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Sayonara, Spring Break Diet Culture: We Didn’t Pack You in Our Carry-On.

We’ve all been there. As your countdown gets closer and closer to zero, you want to feel nothing but excitement. You want to feel thrilled to have a getaway with the girls, a family bonding moment, the next step in a romantic relationship, or maybe even a trip dedicated to self-appreciation. You want to be excited; you are craving a break from the endless “midterms” (which somehow occur four times a semester and never seem to be at the midway point ?), the sometimes-monotonous routine that can be a college lifestyle, and all responsibilities. 


Because that’s what college spring break is all about, right?


So, why aren’t we as thrilled as we presume, we should be? Despite a worry-free, fun-packed week that lies ahead of us, there is an ominous cloud overriding all happy thoughts: the idea of feeling confident in a swimsuit. It’s the same cloud that has previously made me question if I should switch my ticket from Florida to Denver for a cozy trip down the slopes. It’s, unfortunately, the same cloud that has drizzled over my college experience for the past few weeks — the one pressing “you need to be in shape for spring break.” 


My irrational self: Agreed. 

My rational, capable, loving self: Get in shape? Are you a polygonal image? Even the term itself, which carries diet culture on its back, doesn’t make sense. 


Now, if you cannot relate to these thoughts, I applaud you. You are in the percentage of young women who fully understand their worth and their beauty — at any and every size. Please, please keep spreading your light unto others, because if we, as a society, can finally learn to say sayonara to diet culture, we are finally doing something right. 


If you can relate to my vulnerable position, you’re not alone. Woefully, you don’t need me to tell you that. As spring break looms closer, young women on college campuses everywhere are bound to hear their friends discussing “staying on track,” “cutting out X food,” “hitting the gym daily,” etc. Even if you are a confident goddess of positivity, it’s rare to not hear the self-deprecating buzz surrounding you.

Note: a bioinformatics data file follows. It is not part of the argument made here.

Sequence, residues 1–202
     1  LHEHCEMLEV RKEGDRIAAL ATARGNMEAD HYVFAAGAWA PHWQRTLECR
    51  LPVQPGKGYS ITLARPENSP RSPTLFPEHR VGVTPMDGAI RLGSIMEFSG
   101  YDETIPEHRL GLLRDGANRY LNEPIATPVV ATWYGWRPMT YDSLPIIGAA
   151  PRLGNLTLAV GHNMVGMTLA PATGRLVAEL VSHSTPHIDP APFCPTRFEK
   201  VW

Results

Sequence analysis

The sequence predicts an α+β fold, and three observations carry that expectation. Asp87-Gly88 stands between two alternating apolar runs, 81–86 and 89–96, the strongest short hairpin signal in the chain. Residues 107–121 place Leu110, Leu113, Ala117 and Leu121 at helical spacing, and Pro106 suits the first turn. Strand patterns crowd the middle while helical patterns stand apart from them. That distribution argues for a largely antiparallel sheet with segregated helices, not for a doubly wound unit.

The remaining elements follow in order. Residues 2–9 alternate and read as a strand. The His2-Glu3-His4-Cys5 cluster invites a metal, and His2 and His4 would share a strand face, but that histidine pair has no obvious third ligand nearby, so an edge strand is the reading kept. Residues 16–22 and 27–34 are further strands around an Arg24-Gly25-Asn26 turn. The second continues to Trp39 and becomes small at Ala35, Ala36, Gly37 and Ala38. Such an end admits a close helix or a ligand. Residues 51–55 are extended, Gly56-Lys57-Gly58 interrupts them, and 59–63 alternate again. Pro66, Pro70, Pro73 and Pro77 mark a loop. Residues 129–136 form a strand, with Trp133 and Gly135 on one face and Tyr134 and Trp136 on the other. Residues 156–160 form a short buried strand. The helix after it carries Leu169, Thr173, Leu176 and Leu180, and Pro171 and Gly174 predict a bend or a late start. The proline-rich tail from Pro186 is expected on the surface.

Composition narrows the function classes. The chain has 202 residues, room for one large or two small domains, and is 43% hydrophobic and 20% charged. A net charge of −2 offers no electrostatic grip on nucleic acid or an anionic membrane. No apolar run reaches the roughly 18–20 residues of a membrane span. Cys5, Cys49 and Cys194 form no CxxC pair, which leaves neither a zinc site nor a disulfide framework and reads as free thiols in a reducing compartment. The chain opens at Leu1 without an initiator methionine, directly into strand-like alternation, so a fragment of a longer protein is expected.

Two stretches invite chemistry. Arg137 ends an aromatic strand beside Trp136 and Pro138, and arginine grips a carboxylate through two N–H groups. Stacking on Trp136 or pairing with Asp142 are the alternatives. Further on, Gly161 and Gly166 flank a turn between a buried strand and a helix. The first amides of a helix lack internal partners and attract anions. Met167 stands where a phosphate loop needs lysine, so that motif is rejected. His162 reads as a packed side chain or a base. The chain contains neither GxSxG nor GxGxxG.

Woman Wearing Black and White Brassiere Sitting on White Sand
Wendy Hero/Pexels


This scheduled form of self-hatred or body negativity comes around annually. Through all my years of adolescence into young adulthood, it’s never skipped a season. Yet, we brush it off as if this restrictive behavior and demeaning self-view should just be accepted as the norm. Instead of worrying about our friends hitting an absurd amount of cardio for the two weeks until bon voyage, we sigh, agree with them, and begin comparing ourselves to them. When we let these behaviors recur, we cause two things. First, we normalize disordered eating and restrictive cycles as if they are in the Young Women’s Spring Break Preparation RuleBook. Second, we often begin acquiring these behaviors in the long run. Hey, if it worked for spring break, why not try it out for an upcoming formal? Graduation? A regular weekend?


I’ll let you in on a little secret. I’ve tried the whole quick-fix diet pre-vacation, professing to my friends that it was all in the name of confidence. Even if these methods worked, I didn’t feel one ounce better about myself on that trip. In fact, I felt worse. I was so obsessed with how I looked in the camera lens, I didn’t even see how my friends saw me in the experience lens. I had wasted $500+ on a perfectly executed, relaxing, enjoyable trip — all because I packed my toxic mindset in my checked bag instead of throwing it out at the security checkpoint. 


As corny as it sounds, I’ll repeat a common idiom: No one will care if you have abs at your funeral. While this is a little morbid, I don’t need to be the one to tell you that life is short. College is shorter. And that college spring break trip, that’s really short. Don’t ruin it, the memories you’ll make with lifelong friends, and the opportunity to practice self-love, by letting self-loathing get in the way. 


Splurge on that tasty dessert you can only get at your favorite tropical hotspot, skip the workouts and opt for beach walks with friends, and capture photos of your smiles, not of you “sucking in.”


Hey! You’re beautiful! Embrace it!

Caroline is a sophomore Strategic Communication major and Business minor at Texas Christian University. She is originally from the wonderful city of Chicago but is always fantasizing about New York. Caroline is obsessed with writing, Broadway, working out, music from the 80s, and all-things Sex and the City. Oh, and any form of vegan dessert.
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